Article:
Be very specific while documenting the project requirements and finalizing a scope document. Vague outlines and requirements are often open to interpretation, leading to scope creeps at a later stage. Follow these tips to avoid scope creeps in your project plans.
Sadi Khan, Content Marketing Manager at RunRepeat.com
“To avoid scope creep in content marketing project plans…”
1. Always request a detailed brief or documented requirements at the start. Topic and word count is not enough. Getting it in written form will set expectations and stop them from taking all revisions or change requests as granted.
2. Discuss and understand the audience and purpose of the content. What do you (or your client) want to achieve with the content? Is it meant to be a link-able asset? Blog post? Sales pitch for landing page? All of these require different writing styles and levels of research.
3. Share the content with all stakeholders at each step including the outline, research, first draft, and so on.
Melissa Grimshaw-Vargas, Founder and CEO of Launchwise
“Spell out scope in detail in the project proposal (post or webpage count, word count per post, number of revisions included, etc.)…”
If there is content strategy or factfinding time involved, capture that as well. Then if it’s an external project, give pricing and schedule for going beyond that scope ($x per extra word, $x per hour for additional revisions, days needed to add to timeline). If it’s an internal project, include a note about needing to rescope if project exceeds resources allocated. And lastly, keep people informed of when scope is approaching the limit or starts to creep. ‘Hey Client, FYI we scoped for 20 pages and the new list looks like 23 pages, so we’ll follow the add-on rates from the proposal. Thanks!’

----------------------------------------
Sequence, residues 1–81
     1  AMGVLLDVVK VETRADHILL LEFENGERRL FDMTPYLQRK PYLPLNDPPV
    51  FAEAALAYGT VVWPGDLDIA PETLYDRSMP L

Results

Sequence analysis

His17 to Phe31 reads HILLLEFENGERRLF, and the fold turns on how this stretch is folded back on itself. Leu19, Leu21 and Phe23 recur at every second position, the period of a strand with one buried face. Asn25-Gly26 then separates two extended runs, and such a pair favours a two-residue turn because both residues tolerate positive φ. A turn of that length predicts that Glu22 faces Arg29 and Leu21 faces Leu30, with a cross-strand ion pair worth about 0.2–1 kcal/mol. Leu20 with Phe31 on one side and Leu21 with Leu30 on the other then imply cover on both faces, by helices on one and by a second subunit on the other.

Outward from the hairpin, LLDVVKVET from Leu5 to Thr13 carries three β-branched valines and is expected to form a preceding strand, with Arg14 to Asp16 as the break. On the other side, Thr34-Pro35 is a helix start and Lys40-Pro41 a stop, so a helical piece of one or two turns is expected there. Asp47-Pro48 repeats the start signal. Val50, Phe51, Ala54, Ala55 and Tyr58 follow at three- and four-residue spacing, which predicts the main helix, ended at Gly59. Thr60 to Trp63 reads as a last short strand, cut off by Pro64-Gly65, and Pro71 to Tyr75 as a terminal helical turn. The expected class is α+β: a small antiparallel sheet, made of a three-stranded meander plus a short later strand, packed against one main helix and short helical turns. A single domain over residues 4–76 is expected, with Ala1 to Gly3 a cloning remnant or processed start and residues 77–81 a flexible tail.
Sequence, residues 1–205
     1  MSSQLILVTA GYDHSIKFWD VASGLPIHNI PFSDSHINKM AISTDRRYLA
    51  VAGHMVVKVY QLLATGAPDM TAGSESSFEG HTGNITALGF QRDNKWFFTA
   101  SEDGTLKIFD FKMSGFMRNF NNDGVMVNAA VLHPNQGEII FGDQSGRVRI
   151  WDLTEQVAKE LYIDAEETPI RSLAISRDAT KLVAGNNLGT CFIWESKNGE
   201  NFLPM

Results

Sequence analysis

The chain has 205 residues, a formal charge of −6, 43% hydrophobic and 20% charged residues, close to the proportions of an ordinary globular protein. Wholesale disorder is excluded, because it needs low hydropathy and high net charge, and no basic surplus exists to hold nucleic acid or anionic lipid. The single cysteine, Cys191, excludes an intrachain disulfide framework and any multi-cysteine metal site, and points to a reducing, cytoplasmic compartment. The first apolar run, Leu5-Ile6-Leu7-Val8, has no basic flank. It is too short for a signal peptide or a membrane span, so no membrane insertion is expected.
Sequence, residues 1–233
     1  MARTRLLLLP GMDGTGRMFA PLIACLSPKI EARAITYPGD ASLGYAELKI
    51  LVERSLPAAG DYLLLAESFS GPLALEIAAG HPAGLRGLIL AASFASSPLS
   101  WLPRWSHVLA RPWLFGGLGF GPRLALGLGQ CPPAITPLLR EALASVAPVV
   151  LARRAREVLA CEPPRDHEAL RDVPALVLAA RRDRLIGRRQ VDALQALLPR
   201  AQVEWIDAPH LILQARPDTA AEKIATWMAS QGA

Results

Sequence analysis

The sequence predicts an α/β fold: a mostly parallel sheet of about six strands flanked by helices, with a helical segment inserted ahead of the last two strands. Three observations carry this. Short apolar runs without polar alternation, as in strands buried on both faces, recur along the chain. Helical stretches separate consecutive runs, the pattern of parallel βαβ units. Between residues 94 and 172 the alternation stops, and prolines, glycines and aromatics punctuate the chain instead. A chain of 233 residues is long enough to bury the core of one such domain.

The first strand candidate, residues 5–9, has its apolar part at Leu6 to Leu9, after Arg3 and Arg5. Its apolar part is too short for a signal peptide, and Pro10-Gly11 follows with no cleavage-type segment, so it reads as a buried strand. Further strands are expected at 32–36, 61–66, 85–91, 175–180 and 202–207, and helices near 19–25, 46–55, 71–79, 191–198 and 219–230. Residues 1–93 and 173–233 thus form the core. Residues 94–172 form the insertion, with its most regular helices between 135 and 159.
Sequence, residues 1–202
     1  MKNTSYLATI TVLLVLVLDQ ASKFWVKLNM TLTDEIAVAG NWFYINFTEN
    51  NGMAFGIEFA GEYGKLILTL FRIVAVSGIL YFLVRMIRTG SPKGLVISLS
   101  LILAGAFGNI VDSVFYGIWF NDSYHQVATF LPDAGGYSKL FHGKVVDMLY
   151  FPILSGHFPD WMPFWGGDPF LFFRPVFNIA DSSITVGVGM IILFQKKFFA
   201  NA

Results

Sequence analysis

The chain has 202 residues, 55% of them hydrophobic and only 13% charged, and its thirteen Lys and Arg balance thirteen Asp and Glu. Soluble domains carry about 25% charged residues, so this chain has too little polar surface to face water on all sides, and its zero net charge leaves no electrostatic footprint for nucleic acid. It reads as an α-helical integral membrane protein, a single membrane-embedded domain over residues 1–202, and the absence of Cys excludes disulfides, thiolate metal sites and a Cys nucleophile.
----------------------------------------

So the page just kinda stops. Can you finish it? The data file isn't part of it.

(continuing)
Nate Masterson, CEO of Maple Holistics
“Scope creep is primarily a direct result of bad communication and poorly conceived projects…”
Changing the scope of a project to delay its completion is classic procrastination mixed with a lack of effective leadership. It’s important to conceive of a project in a variety of stages so you can tell the people working on the project, ‘good idea, that’ll be phase two.’ There’s nothing wrong with evolving the scope and function of a project, it’s just a question of timing.
Jason Lavis, Managing Director at Out of the Box Innovations Ltd.
“Scope creep tends to come from a lack of understanding about how long a process takes and perceived value overall…”
For example, it’s common for clients to imagine that an article can get written in a couple of hours. This can be true, but it misses the research, and that writing is only the beginning. Editing, proofreading, formatting, uploading and adding other media will drastically multiply the time spent.
Sometimes, during a campaign, tangible results are slow to materialize. The lag time between creation and pageviews can result in a feeling that the time and money might be a waste. We know that good content can take a while to get to page one in Google, and viral marketing has a lot of inherent randomness.
The solution is to break down all of the processes and list them out. We add numbers wherever possible (e.g., words, hours, weeks). We can also add notes to temper expectations (e.g., we anticipate traffic to start to rise by month three significantly).
Once the client sees the project plan, with all the details and preemptive expectation management, they can see the value. More importantly, mid-campaign, if they forget the scope, or feel that they’re not getting enough value, then you can refer them back to the plan. Reviewing the strategy will remind them of the mindset that they were in early on.
Syed Irfan Ajmal, Growth Marketing Consultant at GigWorker
“Before we figure out how to make a content marketing free of scope creep, we should know what causes it…”
1. Little or poor requirements/needs analysis
2. Little or no planning and documentation
3. Bad communication
We can avoid scope creep by using the below approach:
1. Never accept a project before understanding the requirements in detail.
2. Never assume that one has understood the requirements unless one has written it all and have the other side (which specified the requirements) review it all.